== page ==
I started with an onion. I cried. A lot.

96 tears.

96 tears.

I then mixed all the ingredients in a large bowl. The recipe called for pepper. I wanted rosemary. I did what I wanted.

a loaf waiting to happen.

a loaf waiting to happen.

Next, I shaped it into a loaf, and then broke it down into muffin-sized lumps.

she's lump. she's lump. she's lump. she's in my head.

she’s lump. she’s lump. she’s lump. she’s in my head.

I baked them,  took them out 5 minutes early, topped them with shredded Gruyere, and baked them for 5 more minutes.

mini meats.

mini meats.

I removed them from the oven, and let them cool. I realized at this point that I did not yet understand the principles of baking meat and how it differed from baking a cake. When you bake a cake, it conforms to the size and shape of the pan it’s being baked in. Not meat – it retains the shape you make it. So I wound up with what looked more like meat boulders.  Next time, I’ll know better.

boulders of joy.

boulders of joy.

Now for the true test. I poured myself a glass of wine, and selected two meat boulders. They certainly smelled delicious, and honestly, looked rather delectable.

red wine and meat boulders: the perfect pairing.

red wine and meat boulders: the perfect pairing.

I put some extra barbecue sauce on the side for dipping, and dug in. I couldn’t believe it – success!! This was some good meatloaf! I put down the fork and called my mom. I had to share my cooking success story with someone who I knew would be proud.

And now, my friends, I’m hooked. Small Indulgences are not just for baking anymore. Here’s to new adventures!

 

Recipe Tuesday Afternoon: Pumpkin Rosemary Pie.

Serendipity has always been one of my favorite words – even before the movie with John Cusack (which is also one of my favorite movies). I love the idea of a fortunate accident – that every event happens for a reason and contributes to the making of something truly great. In this case, it’s a pumpkin pie – with rosemary.

Two simultaneous events lead to the serendipitous creation of this particular pie :

1. I was given a container of fresh rosemary yesterday morning. It smelled wonderful. I had no idea what to do with it, but i knew I  had to do something – it was much too good to just go untouched and its freshness wouldn’t last forever. I had to strike while the iron was hot.

the scent of the gods.

2. I got sick. Sometimes bad things happen for a good reason. In fact, they usually do. I was going to have my friend over on Monday night and I was originally going to make a pumpkin pie on Sunday night for it. I got sick, and did not make the pie on Sunday night. I told my friend yesterday morning that I should be ok by Tuesday night (tonight) so we could reschedule. Then I was given the rosemary. Then I wound up feeling worse, and stayed home from work today. However, this gave me plenty of time to focus on the pie, and as I began getting the ingredients together, I saw the rosemary on the counter. So I did what any adventurous baker would do – I added it in.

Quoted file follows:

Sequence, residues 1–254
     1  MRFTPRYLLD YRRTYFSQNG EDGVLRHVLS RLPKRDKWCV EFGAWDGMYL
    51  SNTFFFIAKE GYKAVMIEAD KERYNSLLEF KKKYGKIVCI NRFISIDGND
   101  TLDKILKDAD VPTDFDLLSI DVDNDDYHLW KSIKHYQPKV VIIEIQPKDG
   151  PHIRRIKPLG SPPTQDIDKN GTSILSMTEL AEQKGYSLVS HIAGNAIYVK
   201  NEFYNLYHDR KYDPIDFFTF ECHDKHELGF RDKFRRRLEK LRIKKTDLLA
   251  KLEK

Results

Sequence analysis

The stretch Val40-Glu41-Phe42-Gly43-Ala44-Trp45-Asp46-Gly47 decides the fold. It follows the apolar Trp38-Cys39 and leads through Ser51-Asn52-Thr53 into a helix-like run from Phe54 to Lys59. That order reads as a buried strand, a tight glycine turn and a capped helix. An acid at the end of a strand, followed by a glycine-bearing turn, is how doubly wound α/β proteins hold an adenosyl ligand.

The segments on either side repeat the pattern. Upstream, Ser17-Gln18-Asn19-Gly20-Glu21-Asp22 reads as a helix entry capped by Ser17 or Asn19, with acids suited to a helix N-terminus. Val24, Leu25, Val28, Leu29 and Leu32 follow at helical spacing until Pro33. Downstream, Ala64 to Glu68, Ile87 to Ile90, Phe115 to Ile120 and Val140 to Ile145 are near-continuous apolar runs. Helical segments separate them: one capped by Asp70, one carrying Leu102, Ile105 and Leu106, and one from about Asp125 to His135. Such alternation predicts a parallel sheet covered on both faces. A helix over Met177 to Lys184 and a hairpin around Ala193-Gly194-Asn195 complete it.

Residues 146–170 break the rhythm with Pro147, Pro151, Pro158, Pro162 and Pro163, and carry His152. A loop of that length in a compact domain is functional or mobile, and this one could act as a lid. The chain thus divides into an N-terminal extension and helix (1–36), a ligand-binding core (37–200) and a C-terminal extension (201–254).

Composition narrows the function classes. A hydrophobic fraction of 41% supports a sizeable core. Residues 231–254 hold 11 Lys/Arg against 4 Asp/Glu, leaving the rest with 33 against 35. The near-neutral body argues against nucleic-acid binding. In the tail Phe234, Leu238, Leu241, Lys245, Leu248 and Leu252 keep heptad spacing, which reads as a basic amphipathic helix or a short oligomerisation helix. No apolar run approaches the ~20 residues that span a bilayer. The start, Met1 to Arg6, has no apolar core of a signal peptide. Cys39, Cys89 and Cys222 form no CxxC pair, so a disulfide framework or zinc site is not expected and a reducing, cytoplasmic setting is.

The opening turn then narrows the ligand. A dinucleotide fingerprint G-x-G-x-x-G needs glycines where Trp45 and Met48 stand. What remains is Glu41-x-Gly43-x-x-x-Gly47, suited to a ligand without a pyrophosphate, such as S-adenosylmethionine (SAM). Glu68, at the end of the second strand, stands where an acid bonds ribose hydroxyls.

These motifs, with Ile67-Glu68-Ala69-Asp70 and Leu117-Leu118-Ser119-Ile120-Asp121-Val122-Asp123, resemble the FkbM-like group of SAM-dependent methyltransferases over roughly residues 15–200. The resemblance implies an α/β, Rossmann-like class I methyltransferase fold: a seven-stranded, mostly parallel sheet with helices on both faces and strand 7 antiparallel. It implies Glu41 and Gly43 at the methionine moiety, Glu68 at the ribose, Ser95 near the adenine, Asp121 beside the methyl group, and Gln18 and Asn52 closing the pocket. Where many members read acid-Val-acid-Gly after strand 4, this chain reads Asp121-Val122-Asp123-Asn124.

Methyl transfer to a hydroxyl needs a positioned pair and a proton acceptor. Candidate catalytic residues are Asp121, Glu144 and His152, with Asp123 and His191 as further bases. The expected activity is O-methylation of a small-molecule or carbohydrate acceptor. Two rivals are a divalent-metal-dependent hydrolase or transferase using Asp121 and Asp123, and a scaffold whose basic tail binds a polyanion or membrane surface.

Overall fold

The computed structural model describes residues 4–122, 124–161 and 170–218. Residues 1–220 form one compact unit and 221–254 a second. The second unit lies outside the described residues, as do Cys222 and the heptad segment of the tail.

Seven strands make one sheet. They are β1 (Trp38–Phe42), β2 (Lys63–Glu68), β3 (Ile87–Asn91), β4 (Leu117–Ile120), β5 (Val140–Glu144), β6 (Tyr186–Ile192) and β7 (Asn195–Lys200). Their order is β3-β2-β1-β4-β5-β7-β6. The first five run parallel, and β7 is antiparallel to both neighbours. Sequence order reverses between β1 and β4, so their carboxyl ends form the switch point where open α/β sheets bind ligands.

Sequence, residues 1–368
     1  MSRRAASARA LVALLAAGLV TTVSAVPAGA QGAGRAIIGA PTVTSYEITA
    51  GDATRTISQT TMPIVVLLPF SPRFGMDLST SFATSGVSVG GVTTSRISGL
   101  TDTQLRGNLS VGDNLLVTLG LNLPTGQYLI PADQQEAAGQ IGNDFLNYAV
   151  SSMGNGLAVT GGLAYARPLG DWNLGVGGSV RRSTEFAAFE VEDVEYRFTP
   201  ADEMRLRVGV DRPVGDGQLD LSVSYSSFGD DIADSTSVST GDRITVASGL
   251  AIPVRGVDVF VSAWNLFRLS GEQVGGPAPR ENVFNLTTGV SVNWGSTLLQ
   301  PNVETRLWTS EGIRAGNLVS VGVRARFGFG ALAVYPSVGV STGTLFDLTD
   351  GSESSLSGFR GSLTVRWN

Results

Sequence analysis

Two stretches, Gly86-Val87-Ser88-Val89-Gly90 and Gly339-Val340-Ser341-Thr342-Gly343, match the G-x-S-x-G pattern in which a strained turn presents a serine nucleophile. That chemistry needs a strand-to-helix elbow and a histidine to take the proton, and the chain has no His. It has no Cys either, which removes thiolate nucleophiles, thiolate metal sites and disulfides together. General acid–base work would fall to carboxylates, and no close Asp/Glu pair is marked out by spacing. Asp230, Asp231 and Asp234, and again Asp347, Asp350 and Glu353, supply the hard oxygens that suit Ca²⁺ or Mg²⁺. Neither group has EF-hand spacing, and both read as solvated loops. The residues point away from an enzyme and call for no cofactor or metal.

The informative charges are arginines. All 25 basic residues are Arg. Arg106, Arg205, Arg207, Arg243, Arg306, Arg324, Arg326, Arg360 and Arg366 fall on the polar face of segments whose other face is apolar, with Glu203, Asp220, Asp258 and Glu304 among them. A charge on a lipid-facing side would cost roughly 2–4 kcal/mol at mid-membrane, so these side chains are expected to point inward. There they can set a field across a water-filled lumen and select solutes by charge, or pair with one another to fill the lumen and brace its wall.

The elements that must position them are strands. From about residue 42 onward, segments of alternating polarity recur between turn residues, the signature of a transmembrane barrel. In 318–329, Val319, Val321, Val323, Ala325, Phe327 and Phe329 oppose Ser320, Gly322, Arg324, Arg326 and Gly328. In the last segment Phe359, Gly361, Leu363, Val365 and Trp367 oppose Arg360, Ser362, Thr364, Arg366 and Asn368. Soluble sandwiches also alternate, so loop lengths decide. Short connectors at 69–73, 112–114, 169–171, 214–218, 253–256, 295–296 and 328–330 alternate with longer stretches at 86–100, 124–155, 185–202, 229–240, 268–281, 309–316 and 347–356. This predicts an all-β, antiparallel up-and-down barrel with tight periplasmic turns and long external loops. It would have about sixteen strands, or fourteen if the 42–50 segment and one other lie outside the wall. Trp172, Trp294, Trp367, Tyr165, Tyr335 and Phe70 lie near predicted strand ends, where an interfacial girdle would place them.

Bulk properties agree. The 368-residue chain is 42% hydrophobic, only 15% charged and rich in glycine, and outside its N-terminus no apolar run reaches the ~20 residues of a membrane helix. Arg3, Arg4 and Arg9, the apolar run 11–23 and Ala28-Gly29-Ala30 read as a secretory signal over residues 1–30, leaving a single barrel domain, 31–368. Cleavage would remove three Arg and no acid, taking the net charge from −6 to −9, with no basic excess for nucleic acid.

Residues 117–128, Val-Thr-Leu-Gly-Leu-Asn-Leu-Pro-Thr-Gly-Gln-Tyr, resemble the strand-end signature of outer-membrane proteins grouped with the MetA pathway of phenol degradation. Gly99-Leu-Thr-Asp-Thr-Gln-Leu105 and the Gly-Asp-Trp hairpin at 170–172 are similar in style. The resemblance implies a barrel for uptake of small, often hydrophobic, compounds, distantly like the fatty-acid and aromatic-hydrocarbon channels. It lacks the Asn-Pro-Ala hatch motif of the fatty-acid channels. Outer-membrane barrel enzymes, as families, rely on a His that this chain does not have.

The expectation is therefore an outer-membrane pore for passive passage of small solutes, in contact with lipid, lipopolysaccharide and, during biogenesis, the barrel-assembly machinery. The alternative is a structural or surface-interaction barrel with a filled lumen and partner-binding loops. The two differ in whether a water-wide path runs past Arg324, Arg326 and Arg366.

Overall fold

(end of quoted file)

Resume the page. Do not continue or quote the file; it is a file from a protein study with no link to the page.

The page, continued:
pumpkin, fate, rosemary and time.

The resulting pie was truly meant to be: I’ve never made a better pie in my life, and that’s the truth. And now you can make it too – because good things are always meant to be shared. And life’s too short to let your rosemary go bad – you never know when it might come your way again. 🙂

pie love.

Pumpkin Rosemary Pie.

The Crust:

What you’ll need:

10 whole cinnamon graham cracker sheets

¼ cup confectioners’ sugar

6 tablespoons butter (melted)

What you’ll do:

Preheat the oven to 475. Combine the graham crackers, sugar, and melted butter in a food processor. Press into the bottom and up the sides of a 9” pie pan. Bake for 7-8 minutes, until slightly brown and set.

The Filling:

What you’ll need:

1 cup fat-free milk

15 oz pumpkin puree

2 eggs

¾ cup sugar

2 tablespoons corn starch

½ teaspoon salt

1 teaspoon cinnamon

½ teaspoon nutmeg

½ teaspoon fresh minced rosemary

What you’ll do:

Preheat the oven to 350. In a large bowl, combine the milk, pumpkin, and eggs.  In a separate bowl, whisk together the sugar, corn starch, salt, cinnamon, nutmeg, and rosemary until well combined, then fold it into pumpkin mixture. Pour mixture into pre-baked crust, until it almost reaches the top (you will most likely have some extra filling – enough for a personal-sized pie!).  Bake for 50 – 55 minutes, or when a toothpick inserted comes out clean.

The Topping:

What you’ll need:

1 lb heavy cream

2.5 oz confectioners’ sugar

1 teaspoon cinnamon

1 teaspoon vanilla

Whip the cream until it forms soft peaks. In a separate bowl, whisk together the sugar and cinnamon. Add the sugar and cinnamon mixture and the vanilla to the cream, and continue whipping until is forms stiff peaks. Keep refrigerated until ready to use.

a little piece of heaven.